'Diversity' can mean many different things
People think differently when it comes to the meaning of the word diversity, new research has shown. Published in Psychological Science, a journal of the Association for Psychological Science, the study found ideologies play an important part in determining what a person classifies as diverse.
Lead author of the investigation Miguel Unzeta of the Anderson School of Management and University of California, Los Angeles, explained the term may be becoming useless as a consequence of individuals employing it in reference to anyone who is perceived as being different in any way.
Dr Unzeta noted the word used to mean inclusiveness toward a group that is historically disadvantaged, but this has changed of late, with the term seemingly becoming more generalised.
"The problem is, we could all be talking about diversity and we could all mean different things. It's a very abstract, euphemistic catch-all," he added.
Dr John Kremer from Queen's University Belfast, a Chartered Psychologist, commented: "What's in a word? The recent debate over the precise meaning and use of the term 'diversity' perhaps tells us less about the lived experience of difference and more about the knots that those immersed in the world of academia can conjure.
"To those of us involved in practically encouraging and supporting organisations, groups and individuals to swim against the tide by genuinely embracing cultures that celebrate our differences, such sophistry is unlikely to cut the mustard.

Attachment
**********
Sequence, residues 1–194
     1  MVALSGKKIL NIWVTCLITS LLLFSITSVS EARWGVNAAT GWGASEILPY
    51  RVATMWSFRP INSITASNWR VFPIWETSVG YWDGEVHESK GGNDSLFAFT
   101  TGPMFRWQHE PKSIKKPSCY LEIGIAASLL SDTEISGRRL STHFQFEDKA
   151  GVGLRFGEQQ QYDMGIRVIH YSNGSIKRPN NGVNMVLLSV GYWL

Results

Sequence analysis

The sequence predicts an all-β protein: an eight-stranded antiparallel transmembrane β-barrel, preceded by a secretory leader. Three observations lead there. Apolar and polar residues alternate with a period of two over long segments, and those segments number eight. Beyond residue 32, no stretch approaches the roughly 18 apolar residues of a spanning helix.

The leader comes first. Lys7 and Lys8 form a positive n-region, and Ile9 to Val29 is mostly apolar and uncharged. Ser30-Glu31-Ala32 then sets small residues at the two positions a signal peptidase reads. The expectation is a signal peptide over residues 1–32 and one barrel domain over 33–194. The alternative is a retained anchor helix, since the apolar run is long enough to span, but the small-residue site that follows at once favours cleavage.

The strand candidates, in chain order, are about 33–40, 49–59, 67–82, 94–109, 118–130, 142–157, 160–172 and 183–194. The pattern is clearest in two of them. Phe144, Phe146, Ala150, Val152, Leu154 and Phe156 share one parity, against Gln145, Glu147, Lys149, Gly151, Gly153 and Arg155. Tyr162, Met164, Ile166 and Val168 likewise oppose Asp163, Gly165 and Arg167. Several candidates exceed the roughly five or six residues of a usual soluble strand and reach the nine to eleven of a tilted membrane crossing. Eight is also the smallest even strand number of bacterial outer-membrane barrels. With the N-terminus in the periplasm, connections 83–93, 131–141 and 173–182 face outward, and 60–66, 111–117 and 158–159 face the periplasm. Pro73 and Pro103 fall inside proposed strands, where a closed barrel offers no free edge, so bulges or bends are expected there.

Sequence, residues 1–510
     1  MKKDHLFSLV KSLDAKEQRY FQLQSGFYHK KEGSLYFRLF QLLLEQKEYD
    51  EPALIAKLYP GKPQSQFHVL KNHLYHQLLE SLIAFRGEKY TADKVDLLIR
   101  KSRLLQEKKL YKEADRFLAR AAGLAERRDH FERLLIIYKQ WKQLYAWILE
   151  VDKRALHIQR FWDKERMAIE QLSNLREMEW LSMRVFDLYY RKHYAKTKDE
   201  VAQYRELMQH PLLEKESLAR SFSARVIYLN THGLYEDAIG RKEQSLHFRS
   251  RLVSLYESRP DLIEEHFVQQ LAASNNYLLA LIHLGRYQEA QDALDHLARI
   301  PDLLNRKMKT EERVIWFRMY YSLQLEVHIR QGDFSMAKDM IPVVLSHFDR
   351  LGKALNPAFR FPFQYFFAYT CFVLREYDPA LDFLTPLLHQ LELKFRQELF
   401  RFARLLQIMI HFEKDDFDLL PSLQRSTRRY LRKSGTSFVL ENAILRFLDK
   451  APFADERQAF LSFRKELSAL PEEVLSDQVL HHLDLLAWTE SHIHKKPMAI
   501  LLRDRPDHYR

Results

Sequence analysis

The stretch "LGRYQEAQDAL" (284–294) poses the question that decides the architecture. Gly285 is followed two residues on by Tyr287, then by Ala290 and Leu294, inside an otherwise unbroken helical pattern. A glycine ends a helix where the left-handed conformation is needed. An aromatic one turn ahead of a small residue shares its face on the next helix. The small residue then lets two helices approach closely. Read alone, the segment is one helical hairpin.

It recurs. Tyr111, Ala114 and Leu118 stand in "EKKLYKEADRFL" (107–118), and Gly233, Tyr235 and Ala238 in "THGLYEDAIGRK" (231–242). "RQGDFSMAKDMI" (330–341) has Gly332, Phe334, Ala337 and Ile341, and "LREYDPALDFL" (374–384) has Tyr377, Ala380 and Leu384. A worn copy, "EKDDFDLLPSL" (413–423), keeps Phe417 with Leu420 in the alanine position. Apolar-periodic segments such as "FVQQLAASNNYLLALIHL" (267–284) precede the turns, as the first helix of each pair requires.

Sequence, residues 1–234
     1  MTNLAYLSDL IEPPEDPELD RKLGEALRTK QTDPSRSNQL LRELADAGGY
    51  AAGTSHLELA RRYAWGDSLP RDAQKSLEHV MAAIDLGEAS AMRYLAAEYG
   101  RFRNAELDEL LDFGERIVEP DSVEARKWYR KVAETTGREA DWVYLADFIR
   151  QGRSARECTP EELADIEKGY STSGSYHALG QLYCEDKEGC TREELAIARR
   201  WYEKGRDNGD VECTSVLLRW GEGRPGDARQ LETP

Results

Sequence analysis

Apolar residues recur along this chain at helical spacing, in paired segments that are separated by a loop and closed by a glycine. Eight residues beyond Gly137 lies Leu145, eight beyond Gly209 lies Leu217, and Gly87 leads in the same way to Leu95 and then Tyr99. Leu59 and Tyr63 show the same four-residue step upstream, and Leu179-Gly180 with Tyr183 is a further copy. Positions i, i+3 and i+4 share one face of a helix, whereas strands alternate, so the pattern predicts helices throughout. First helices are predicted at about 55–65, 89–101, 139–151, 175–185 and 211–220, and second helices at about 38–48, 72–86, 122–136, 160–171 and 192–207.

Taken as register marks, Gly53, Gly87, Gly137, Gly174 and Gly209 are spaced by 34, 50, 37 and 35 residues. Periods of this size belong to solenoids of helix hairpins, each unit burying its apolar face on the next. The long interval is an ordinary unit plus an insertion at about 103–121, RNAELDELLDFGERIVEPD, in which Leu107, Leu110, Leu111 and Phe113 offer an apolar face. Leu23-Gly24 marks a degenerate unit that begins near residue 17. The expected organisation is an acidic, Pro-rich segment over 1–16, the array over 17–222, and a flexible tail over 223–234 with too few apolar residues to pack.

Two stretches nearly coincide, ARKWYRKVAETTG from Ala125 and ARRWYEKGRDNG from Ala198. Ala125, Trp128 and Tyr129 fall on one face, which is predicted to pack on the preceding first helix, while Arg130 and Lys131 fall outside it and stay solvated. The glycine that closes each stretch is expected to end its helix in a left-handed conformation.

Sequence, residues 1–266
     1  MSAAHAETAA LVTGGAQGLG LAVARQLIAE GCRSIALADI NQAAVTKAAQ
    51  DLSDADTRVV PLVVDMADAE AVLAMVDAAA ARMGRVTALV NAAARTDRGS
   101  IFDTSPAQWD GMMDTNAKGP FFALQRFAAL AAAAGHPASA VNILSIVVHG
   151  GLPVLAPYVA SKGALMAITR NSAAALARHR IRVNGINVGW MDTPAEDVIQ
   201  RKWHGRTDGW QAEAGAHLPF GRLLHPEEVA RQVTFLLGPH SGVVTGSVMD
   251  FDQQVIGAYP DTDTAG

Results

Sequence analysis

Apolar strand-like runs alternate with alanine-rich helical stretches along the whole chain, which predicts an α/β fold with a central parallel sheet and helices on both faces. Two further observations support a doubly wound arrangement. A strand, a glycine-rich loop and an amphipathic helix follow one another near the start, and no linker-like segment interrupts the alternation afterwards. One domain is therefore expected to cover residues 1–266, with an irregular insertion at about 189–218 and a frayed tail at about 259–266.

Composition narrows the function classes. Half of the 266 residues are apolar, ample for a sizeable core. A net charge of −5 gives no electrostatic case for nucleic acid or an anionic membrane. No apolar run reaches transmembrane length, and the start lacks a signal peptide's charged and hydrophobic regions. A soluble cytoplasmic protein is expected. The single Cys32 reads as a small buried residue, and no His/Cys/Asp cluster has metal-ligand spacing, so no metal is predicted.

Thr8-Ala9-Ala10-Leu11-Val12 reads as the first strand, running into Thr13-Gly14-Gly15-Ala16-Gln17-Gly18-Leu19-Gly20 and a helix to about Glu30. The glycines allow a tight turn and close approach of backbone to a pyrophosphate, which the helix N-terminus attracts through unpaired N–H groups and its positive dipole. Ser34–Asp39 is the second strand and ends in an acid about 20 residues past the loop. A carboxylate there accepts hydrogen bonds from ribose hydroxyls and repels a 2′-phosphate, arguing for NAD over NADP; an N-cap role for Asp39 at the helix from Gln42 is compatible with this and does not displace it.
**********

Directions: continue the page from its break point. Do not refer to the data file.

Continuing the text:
"Instead, the term is widely used to neatly encapsulate all those feelings, thoughts and actions attaching to a set of values that see the promotion of difference as a positive force. To see just how diversely the word diversity has been used throughout history, have a look at the Brainy Quote site.
"The term itself has no exclusive history, as the author suggests, but has been and can be used inclusively and interchangeably with related words such as difference. True diversity in action!
"What the author seems to be highlighting is a slightly different issue, that is evaluating whether an organisation genuinely embraces diversity is not simply a question of counting heads. By their nature organisations will be partisan, that is they will be created by those who will choose to recreate (through recruitment and promotion) in their own image. This is not in itself malign but the effect may be. It can create an exclusive culture where only one type of person is seen to fit.
"Perversely, the law may reinforce partisanship but now under a cloak of neutrality, where lawful procedures based on merit are applied but the criteria are still weighted to those already 'up there'. (Competency based interviewing where the criteria are based on previous experience can reinforce this.) Organisations that genuinely embrace diversity as a core value recognise that good groups and organisations actually thrive on difference, but that this does not come easily, it has to be worked at."